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As Mass General Marks Its Bicentennial, A Glimpse At Medicine's Evolution

This article is more than 11 years old.
Massachusetts General Hospital in Boston (Kingdafy/Flickr)
Massachusetts General Hospital in Boston (Kingdafy/Flickr)

Massachusetts General Hospital was founded in 1811, which makes this year the hospital's bicentennial. And this week, Mass General is opening the newest building on its ever-expanding campus: the Lunder Building, with 14 floors of additional beds and high-tech operating rooms.

Those two milestones seemed a fitting time to look at how medicine has evolved at Mass General, so WBUR's All Things Considered host Sacha Pfeiffer toured the hospital with Dr. John Herman, associate chief of psychiatry and an MGH history buff.

The tour started in the Bulfinch Building, which houses Mass General's original operating room, now called the Ether Dome because of a medical breakthrough there in 1846.

Sacha Pfeiffer: Right now we're looking at a fairly dramatic picture. It's called "Ether Day." A lot of blood. A man upright, his neck being cut open. Tell us what we're looking at.

Dr. John Herman: A Boston dentist had developed the use of ether for himself in a dental procedure. One of the MGH physicians had witnessed it and said, "Why don't you come and show us here?" There was great skepticism because there had been other demonstrations of efforts to make a patient insensitive to pain, which had failed.

And the key thing in this picture is that bulb of ether that the patient is inhaling.

Right. We're seeing the dentist holding the globe, where he has a sponge, which helps make the ether vapor. And that's the tipping point, where they are realizing at that point there is discovery.

So this, in a way, represents the beginning of modern medicine. What can you show us in the hospital that gets us to modern-day medicine, to show how far we've come?

Neuro-imaging comes to mind as something that has been breakthrough, particularly in my field, which is psychiatry and neuroscience. Let’s walk.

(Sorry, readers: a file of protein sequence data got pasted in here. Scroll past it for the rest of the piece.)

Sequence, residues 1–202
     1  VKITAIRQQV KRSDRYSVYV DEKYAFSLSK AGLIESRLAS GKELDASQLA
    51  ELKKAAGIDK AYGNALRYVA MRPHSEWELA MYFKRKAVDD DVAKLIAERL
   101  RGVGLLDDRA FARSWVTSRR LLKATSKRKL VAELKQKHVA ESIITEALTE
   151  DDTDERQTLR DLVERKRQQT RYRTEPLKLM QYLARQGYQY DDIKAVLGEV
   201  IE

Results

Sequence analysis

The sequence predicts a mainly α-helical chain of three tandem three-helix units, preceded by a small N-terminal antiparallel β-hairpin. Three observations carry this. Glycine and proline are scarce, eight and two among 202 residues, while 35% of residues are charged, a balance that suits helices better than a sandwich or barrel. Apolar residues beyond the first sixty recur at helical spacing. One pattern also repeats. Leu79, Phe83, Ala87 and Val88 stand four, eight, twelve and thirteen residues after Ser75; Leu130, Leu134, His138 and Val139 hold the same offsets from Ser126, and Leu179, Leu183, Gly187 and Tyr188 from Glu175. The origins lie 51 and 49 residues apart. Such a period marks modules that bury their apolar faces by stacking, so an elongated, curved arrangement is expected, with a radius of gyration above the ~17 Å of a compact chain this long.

Just like X-rays allowed orthopods to see bones and EKGs allowed cardiologists to see how the heart was beating or not, finally we have the ability to watch a brain while it's working in real, live time. And if there is anything that is state of the art, it's functional neuro-imaging of the living, feeling, thinking brain.

We're now in the control room of a 3 Tesla magnet functional neuro-imaging device. We are looking through a large window at a patient who's actually undergoing a scan at this moment.

What is the sound itself?

Each one of those represents a data point which can be recombined to form an image. And when we're looking at brains in real time, we have been able to discover and uncover enormous mysteries about how the brain works in what we call the default state, when we think nothing's going on. One of the research projects is looking at that area of the brain responsible for triggering craving in addicts. This is where the excitement begins to build: we are able to teach the patient to reduce the active signal of the craving to reduce addiction and all of its consequences.

We just walked into the Mass General emergency department.

Yes. The emergency room is divided into a number of different areas — much less acute, and then some much more acute — and we're going to go through that which is closest to the entrance that we passed through. This is the highest-tech, most trauma-ready, so the most serious trauma cases would come here. You see probably 15 or 20 people concentrated in an area of less than 100 square feet, all looking at computer monitors hooked up to laboratories, EKG machines, and also staffed ready for whatever crisis might come.

Is it true that this used to be called the accident room?

That's right, and accidents would be the reason people would come. That's still a major reason, but they used to come on the back of wheel carts or in boats. Now they can sometimes come by helicopter.

Where did people go before Mass General was here for medical care?

They would stay home.

You mean no matter what was going on — they're having a heart attack, they're suffering from cancer, they broke a leg — you stay home?

What option might there be?

There really wasn't one?

There were no other options. The best predictor of good health in those days was good luck.

Or money to pay for a doctor to come to you?

Well, if a doctor knew what to do, and those were few and far between.

A far cry from the many medical choices we have today in Boston.

This program aired on June 20, 2011.

Sacha Pfeiffer Host, All Things Considered
Sacha Pfeiffer was formerly the host of WBUR's All Things Considered.



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